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Understanding your employees’ rights to medical leave

| Apr 20, 2020 | Employment Law

As an employer, there are many laws you need to understand and abide by. When it comes to your employees’ rights to take time off for health-related reasons, there are a couple key laws that you should be familiar with. Here is an overview of these laws and how they work:

Family and Medical Leave Act

The federal Family and Medical Leave Act (FMLA) requires certain employers to give eligible employees up to three months of unpaid leave in a one-year period for specific family and health reasons, including:

  • Having a baby
  • Adopting or fostering a child
  • Being unable to work due to a serious health condition
  • Caring for an immediate family member with a serious health condition
  • Other qualifying circumstances in which an immediate family member is called to active military duty

When your employee is dealing with a serious medical issue, they can take this leave intermittently or by reducing their hours for a period of time. They can only take this leave intermittently for a birth or adoption if you give them approval.

During your employee’s leave, you must continue their health insurance benefits. And when they return, you should restore them to their old position – or give them a similar position.

Does the FMLA apply to my organization?

The FMLA applies to all schools, public agencies and most private employers that have 50 or more employees within a 75-mile radius. If your organization falls into one of these categories, your employees are covered under the FMLA if they:

  • Worked for you for at least 1,250 hours during the year before their leave: Vacation time, sick leave and paid time off do not count towards this sum.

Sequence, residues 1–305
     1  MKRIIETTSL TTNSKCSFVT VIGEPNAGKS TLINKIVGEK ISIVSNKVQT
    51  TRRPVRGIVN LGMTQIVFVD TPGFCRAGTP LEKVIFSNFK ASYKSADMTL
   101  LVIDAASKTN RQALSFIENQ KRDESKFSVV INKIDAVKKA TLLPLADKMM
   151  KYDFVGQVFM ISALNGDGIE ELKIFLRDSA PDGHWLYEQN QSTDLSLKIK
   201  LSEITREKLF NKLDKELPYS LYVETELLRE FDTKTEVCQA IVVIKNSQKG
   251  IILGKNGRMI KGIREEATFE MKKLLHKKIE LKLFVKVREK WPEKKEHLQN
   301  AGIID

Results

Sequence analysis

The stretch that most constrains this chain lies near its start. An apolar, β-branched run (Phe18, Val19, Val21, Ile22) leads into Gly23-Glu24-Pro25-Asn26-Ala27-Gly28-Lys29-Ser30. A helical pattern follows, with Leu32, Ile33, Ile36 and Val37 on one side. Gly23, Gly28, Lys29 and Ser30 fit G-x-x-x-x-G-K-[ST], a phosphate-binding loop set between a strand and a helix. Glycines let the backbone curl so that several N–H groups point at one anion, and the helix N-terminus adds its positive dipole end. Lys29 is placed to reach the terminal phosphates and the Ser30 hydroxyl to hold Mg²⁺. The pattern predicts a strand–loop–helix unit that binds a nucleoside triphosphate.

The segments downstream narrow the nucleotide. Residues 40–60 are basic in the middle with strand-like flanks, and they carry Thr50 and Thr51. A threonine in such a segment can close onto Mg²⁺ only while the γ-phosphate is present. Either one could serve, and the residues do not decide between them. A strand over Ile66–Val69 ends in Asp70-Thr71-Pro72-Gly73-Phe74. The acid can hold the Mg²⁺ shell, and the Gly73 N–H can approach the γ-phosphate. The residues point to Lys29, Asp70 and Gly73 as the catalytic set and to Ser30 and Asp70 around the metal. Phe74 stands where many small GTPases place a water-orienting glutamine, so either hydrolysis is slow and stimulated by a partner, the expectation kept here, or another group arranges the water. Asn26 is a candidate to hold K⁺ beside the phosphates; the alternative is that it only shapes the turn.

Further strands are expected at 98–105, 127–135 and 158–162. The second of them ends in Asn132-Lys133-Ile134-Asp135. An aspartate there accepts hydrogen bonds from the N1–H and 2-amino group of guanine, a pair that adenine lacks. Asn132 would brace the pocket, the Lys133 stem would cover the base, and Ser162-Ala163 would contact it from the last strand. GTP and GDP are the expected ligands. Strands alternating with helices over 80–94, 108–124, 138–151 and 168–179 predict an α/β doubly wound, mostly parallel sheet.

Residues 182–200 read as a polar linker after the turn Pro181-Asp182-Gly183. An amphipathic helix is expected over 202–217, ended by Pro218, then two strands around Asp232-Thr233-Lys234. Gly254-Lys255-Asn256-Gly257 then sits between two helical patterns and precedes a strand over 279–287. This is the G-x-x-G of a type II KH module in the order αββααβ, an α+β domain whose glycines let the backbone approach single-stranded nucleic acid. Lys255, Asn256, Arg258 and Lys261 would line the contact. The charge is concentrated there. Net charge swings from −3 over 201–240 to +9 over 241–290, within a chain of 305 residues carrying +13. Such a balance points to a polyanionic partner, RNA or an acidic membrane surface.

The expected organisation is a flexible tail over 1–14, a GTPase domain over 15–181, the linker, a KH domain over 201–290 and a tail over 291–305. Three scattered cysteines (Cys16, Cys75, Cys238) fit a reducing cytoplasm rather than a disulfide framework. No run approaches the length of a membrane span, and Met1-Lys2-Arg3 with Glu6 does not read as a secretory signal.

• Worked for you for at least 12 months: These 12 months do not have to be consecutive.

Americans with Disabilities Act

Along with the FMLA, the Americans with Disabilities Act (ADA) is a federal law that prohibits employers from discriminating against employees based on their disabilities. This protects workers with physical and mental impairments during the hiring, promoting and firing process.

While the ADA does not explicitly require you to give workers with medical issues unpaid time off, it does require you to make “reasonable accommodations” for employees with disabilities. An accommodation could include altering your employee’s work schedule.

In some cases, reasonable accommodation may take the form of additional leave – over and above the leave provided through the FMLA. For instance, if an employee’s injury or serious health condition results in permanent mental or physical disability that puts significant constraints on the employee’s life, extra ADA leave may be deemed a reasonable accommodation.

Does the ADA apply to my organization?

The ADA applies to all employers with at least 15 employees. It also applies to joint-labor management committees, employment agencies and labor unions regardless of their number of workers.

As a responsible employer, it’s crucial that you abide by the law. If one of your employees requests time off for a medical or family-related reason, make sure you approach their request with these laws in mind.